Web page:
Of course science can help us reach some end once we’ve decided what that end is. That’s why we have medicine, engineering, economics, and all the other applied sciences in the first place. But this has nothing to do with blurring the is/ought distinction or overcoming traditional qualms about a science of morality. If you’ve decided that the ultimate value is living a long life (“one ought to live as long as possible”), medical science can help (“you ought to exercise”). But medical science can’t show that the ultimate value is living a long life. Much of The Moral Landscape is an extended exercise in confusing these two senses of ought.

        Despite Harris’s bravado about “how science can determine human values,” The Moral Landscape delivers nothing of the kind.

        As for the new atheist view of religion as one of the main causes of war (http://www.huffingtonpost.com/rabbi-alan-lurie/is-religion-the-cause-of-_b_1400766.html):

        In their recently published book, “Encyclopedia of Wars,” authors Charles Phillips and Alan Axelrod document the history of recorded warfare, and from their list of 1763 wars only 123 have been classified to involve a religious cause, accounting for less than 7 percent of all wars and less than 2 percent of all people killed in warfare. While, for example, it is estimated that approximately one to three million people were tragically killed in the Crusades, and perhaps 3,000 in the Inquisition, nearly 35 million soldiers and civilians died in the senseless, and secular, slaughter of World War 1 alone.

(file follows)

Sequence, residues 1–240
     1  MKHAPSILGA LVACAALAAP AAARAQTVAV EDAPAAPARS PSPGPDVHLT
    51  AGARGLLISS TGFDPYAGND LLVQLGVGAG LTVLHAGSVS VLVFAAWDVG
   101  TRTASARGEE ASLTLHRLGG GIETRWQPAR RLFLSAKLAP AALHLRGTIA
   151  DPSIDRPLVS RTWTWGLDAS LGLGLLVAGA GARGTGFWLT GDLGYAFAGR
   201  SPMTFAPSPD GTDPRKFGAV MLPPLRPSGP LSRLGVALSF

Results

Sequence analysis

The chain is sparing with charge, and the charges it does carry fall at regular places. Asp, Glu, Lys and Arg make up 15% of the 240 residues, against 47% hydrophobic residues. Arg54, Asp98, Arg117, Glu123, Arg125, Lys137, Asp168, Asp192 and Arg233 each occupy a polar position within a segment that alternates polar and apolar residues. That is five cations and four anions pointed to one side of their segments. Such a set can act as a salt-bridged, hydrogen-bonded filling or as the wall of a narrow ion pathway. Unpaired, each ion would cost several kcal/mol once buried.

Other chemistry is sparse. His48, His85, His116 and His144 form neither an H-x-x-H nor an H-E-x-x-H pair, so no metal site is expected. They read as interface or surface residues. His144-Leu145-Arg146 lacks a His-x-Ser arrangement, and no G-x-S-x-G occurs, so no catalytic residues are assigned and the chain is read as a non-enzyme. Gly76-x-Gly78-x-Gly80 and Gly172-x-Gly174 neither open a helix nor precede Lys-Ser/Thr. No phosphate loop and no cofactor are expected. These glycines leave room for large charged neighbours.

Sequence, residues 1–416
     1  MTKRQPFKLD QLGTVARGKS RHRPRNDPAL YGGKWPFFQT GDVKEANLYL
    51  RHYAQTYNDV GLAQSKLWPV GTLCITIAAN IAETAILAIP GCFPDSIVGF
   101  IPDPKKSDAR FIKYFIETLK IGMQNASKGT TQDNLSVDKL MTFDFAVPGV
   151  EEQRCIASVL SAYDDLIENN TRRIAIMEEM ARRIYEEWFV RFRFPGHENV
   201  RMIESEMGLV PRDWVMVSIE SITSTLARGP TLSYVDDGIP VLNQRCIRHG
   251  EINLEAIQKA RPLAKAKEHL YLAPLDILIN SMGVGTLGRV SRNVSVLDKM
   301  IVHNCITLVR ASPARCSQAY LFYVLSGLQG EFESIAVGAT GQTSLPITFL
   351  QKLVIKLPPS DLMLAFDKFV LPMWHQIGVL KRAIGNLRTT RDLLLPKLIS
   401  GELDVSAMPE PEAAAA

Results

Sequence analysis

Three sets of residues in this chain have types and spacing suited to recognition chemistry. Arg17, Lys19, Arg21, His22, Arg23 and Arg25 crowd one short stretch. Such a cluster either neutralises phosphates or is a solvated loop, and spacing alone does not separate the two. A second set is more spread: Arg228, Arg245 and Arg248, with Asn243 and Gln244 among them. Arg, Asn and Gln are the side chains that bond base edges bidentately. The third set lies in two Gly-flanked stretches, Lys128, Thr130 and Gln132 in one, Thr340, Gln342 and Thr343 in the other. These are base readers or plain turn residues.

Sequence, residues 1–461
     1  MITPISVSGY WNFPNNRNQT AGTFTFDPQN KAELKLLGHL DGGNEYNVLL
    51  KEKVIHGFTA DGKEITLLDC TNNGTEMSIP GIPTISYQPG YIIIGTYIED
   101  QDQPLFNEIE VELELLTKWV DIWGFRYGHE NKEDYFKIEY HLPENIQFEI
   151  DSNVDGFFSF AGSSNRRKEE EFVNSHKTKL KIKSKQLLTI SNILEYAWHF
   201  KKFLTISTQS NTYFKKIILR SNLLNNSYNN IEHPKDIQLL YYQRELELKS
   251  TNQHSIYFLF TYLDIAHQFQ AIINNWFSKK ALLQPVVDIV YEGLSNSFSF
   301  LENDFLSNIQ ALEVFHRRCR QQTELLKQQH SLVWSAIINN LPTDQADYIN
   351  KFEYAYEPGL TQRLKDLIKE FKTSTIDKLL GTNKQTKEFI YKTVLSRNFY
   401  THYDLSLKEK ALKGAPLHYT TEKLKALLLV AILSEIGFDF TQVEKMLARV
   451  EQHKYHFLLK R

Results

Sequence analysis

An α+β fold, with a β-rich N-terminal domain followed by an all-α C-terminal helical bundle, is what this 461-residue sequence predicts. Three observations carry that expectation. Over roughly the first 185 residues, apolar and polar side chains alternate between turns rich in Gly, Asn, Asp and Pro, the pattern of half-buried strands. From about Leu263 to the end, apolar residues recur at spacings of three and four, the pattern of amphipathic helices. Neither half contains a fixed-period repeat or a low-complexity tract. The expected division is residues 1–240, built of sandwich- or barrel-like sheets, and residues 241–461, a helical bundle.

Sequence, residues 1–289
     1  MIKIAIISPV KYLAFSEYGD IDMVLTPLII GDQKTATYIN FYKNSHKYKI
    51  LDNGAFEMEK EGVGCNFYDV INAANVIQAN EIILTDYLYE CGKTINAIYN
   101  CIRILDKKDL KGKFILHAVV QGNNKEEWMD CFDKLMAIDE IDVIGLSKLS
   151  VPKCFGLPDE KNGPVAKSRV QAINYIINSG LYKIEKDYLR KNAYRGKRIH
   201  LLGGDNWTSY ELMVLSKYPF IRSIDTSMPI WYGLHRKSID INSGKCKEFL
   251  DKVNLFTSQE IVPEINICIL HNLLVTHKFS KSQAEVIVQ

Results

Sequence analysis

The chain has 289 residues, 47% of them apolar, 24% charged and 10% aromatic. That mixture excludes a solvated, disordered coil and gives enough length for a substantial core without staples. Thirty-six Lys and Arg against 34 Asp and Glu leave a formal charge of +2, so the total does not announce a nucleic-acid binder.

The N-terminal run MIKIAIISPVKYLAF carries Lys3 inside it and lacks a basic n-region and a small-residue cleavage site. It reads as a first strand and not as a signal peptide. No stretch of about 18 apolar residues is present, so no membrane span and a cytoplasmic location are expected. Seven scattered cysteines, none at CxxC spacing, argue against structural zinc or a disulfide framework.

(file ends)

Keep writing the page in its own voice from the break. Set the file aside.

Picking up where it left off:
History simply does not support the hypothesis that religion is the major cause of conflict. The wars of the ancient world were rarely, if ever, based on religion. These wars were for territorial conquest, to control borders, secure trade routes, or respond to an internal challenge to political authority. In fact, the ancient conquerors, whether Egyptian, Babylonian, Persian, Greek, or Roman, openly welcomed the religious beliefs of those they conquered, and often added the new gods to their own pantheon.

        The so-called new atheism is often about ideological, uncritical propaganda (see here also: https://mimeticmargins.com/2016/04/29/denkgelacherig-atheistisch-narcisme/).

        Liked by 1 person

      • Ra · 9 Days Ago

        Way to miss the point, Erik. Tell me, before Dawkins et al., was there any prominent public intellectuals who had the courage to say anything critical of Islam? Before Bill Maher, was there a single prominent media figure who had the balls to say anything critical of Islam? Name me one. You can’t, can you? They did not exist. Nobody is saying their critiques always hit the mark all the time. I cringe at some of their statements too sometimes, but at the end of the day, they are fundamentally proud rational creatures. They can learn and change their minds accordingly.

        John Waters: To me, I can understand in some way. Like I sometimes wonder moderate Muslims, aren’t they against all gay people? But still I don’t say they can’t come in. Catholics have been terrorizing me for decades, and I don’t say, “No Italians.”
        Bill Maher: That’s an interesting point of view I have not heard before.